by Tim Tedder
There are few pains deeper than those caused by an affair. Among thousands of infidelity cases I’ve encountered, I do not know of a single betrayed partner who escaped those wounds. The path toward healing is long and difficult, leaving many to wonder if they will ever feel “normal” again. Most eventually do; some even discover deeper intimacy on the other side of recovery.
For others, however, the wounds never seem to heal. They feel stuck in a never-ending cycle of anger and despair. Any breath of hope is quickly smothered by the belief that the life they once enjoyed is irretrievable; the future once anticipated is now full of cost and consequences. For them, life after betrayal barely feels like living at all.
Consider Jason’s story. (The examples used are real, but names and some details are changed to protect confidentiality.) Three months after Jason found out about his wife’s affair, the two of them spent a weekend with me, working through the steps of recovery for their marriage. Four months later, he was back in my office, alone and in distress. Here’s what he told me:
I don’t know what’s wrong with me. I don’t think I’m getting any better. In fact, I might be getting worse.
Marci is doing everything right. I know she regrets the affair and has been doing all she can to make things better and earn my trust again. I know she’s sincere, but it doesn’t undo what happened.
I thought I could trust what we had—what we promised to each other. But every day I’m reminded that she gave all that to somebody else. Everything has become a trigger for me: songs, places, dates, TV shows. I can’t have sex without imagining the other man making love to her. It’s even hard to sleep. I don’t know how to turn these thoughts off.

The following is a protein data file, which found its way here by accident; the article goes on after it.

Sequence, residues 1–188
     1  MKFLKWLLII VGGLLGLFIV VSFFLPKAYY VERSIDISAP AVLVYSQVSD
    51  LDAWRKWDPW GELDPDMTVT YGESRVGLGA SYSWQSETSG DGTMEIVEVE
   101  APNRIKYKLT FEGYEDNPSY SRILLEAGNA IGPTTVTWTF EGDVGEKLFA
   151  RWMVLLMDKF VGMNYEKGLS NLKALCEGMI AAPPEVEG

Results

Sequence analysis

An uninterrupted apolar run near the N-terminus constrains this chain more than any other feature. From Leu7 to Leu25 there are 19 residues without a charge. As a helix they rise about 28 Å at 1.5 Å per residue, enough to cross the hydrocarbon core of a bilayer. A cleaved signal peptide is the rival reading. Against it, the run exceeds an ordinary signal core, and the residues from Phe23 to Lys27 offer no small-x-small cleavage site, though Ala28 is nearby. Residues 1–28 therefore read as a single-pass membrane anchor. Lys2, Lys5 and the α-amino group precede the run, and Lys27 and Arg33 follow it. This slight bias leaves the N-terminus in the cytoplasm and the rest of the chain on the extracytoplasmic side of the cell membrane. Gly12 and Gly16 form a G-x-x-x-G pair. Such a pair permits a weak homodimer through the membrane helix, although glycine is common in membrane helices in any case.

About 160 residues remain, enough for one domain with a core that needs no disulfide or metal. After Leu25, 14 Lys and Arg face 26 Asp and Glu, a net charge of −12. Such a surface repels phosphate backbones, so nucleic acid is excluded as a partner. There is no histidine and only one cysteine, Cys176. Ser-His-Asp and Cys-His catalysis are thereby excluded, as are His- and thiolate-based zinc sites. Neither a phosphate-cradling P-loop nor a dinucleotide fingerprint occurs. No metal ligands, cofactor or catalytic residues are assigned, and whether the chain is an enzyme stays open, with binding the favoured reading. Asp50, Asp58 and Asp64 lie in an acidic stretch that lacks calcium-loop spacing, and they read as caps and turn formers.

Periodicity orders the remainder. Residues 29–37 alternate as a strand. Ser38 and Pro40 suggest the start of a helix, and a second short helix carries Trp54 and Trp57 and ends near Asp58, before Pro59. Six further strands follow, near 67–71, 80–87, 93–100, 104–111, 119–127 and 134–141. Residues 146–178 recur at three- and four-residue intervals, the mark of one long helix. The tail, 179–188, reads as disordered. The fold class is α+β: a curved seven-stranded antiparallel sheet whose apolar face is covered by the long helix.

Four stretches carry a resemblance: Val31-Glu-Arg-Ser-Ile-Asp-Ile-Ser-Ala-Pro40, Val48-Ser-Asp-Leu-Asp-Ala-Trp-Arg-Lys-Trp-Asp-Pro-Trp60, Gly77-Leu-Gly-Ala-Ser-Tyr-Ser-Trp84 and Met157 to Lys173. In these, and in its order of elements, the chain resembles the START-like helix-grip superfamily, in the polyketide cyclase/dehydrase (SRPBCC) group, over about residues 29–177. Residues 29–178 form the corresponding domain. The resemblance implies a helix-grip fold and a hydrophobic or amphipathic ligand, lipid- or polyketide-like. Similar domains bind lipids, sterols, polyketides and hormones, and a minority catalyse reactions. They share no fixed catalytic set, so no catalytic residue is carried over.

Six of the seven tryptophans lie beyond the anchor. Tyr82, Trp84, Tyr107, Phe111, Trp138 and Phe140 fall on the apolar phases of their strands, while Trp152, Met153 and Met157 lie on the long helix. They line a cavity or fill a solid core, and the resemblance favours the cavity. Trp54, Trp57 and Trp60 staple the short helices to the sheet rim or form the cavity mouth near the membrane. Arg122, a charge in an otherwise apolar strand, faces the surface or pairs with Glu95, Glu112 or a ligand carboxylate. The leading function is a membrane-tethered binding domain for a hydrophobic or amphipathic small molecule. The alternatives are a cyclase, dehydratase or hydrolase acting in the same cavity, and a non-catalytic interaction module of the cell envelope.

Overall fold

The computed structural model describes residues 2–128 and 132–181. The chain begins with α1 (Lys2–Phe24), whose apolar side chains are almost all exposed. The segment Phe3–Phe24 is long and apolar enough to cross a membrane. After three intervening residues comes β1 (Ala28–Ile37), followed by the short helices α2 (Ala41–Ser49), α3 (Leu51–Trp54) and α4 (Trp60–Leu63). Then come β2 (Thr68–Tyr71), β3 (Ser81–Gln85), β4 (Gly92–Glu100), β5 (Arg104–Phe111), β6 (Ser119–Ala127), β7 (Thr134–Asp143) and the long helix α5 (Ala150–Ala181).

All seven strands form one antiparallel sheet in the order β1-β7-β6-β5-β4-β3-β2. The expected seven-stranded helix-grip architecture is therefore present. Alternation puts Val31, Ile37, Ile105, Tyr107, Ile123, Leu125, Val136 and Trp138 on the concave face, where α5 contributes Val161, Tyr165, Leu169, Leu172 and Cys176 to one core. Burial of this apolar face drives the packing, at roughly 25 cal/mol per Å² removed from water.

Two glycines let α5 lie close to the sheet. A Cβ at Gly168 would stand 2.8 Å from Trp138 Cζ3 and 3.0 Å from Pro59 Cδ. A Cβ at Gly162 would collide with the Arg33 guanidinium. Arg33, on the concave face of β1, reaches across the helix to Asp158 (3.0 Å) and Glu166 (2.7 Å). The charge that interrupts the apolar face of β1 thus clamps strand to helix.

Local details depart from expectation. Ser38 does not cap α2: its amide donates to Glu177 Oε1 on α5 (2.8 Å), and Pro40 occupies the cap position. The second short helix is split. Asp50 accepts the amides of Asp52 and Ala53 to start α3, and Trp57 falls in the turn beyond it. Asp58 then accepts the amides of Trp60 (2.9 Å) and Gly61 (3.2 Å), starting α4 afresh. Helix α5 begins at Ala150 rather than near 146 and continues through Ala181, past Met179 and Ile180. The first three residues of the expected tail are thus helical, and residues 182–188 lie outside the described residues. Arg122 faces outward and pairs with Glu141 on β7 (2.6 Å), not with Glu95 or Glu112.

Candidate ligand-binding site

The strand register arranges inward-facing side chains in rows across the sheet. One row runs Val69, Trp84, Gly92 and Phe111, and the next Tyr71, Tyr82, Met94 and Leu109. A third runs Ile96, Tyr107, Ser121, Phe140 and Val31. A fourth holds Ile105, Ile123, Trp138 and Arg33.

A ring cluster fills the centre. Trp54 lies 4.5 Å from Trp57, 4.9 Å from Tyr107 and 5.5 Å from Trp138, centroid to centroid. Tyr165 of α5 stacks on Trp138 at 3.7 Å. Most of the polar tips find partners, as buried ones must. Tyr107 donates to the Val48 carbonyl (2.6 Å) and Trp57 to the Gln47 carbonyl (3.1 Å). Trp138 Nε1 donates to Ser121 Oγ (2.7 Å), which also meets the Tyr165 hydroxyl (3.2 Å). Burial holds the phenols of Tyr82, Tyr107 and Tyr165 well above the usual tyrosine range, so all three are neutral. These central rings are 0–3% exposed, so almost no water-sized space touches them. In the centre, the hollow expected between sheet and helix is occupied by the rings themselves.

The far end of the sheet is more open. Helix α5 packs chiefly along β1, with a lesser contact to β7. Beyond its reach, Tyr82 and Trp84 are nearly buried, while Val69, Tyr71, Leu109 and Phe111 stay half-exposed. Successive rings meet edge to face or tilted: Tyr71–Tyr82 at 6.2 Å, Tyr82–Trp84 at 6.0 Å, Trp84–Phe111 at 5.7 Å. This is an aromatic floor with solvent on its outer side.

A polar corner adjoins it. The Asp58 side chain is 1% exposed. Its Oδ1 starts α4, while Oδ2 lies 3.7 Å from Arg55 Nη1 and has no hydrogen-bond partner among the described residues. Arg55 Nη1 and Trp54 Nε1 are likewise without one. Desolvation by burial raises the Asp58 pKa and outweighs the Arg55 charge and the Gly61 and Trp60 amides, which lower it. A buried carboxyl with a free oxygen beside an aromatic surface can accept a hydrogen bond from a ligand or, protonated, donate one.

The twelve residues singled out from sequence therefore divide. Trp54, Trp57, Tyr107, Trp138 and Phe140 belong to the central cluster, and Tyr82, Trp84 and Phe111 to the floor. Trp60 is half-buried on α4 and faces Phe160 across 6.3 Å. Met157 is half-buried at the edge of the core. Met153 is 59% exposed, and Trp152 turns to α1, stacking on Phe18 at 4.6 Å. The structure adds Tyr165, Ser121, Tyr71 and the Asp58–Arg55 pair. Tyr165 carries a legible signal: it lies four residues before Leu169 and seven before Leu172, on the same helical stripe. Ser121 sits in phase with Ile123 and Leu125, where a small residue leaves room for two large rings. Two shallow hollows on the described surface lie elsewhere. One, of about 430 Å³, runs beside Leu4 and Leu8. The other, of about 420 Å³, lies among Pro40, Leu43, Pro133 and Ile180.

Honestly, I want my marriage to survive, but I’m not sure how much more of this I can take.
Later that week, I received this email from someone struggling in much the same way:
It has been a little over 2 1/2 years since my husband’s affair ended. I am still stuck. I obsess over her and the affair daily. If I am not listening to something or talking to someone, then I am thinking about her.
We just moved out of our house where the affair occurred and I was excited that those memories would be left behind. But they aren’t. They are still here. I packed them up with the kitchen, clothes, and books and brought them with me.
I know this is my choice. I can understand that concept, but don’t know how to make that choice or how to support it… Everyone tells me to forgive, to give it time, and to let it go. I simply do not know how.
You should expect to feel stress, but not to be stuck in it.
During the first weeks or months after an affair is revealed, most betrayed partners experience a period of emotional instability. An emotional bomb has exploded in the center of their relationship, leaving them dazed and fearful, stumbling toward anything that might help them feel safe again. Survival mode kicks in and stress levels rise. This is a normal, healthy response to a traumatic event.
But as time passes, stress typically diminishes as the betrayed partner finds their way to a place of stability and safety again. That is what usually happens, but not always. Sometimes a person gets stuck in the stress. Why?
When I encounter a betrayed partner who is stuck in a stressful pattern (usually characterized by anxiety, hyper-vigilance, depression, or anger), I know one of the following conditions must exist: either their circumstances warrant an ongoing sense of danger, or the trauma has triggered an internal stress-loop that keeps repeating despite declining threat. To say it another way, either they are not in safe circumstances (external stressors) or they are unable to rest after circumstances have become safe (internal stressors).
Let’s consider the primary external and internal sources of stress following betrayal…
1. Ongoing contact with the affair partner. Almost without exception, recovery specialists will recommend making whatever changes are necessary to end all contact between your spouse/partner and their affair partner. Sometimes this can only be accomplished by a willingness to pay a significant price (job changes, moving, sacrificing relationships, etc.). If there continues to be any ongoing contact, the betrayed spouse will continue to feel threatened.
2. A lack of sincere and sustained effort to earn back trust. It is the responsibility of the unfaithful partner to make whatever changes are necessary to create a “safe place” for the betrayed partner. After the trauma of an affair, a couple cannot go back to life-as-it-use-to-be anymore than a bomb victim can limp on and pretend nothing happened. There should not be an expectation that blind trust be granted. Rather, the unfaithful partner must be willing to commit to a level of accountability and honesty that demonstrates trustworthiness.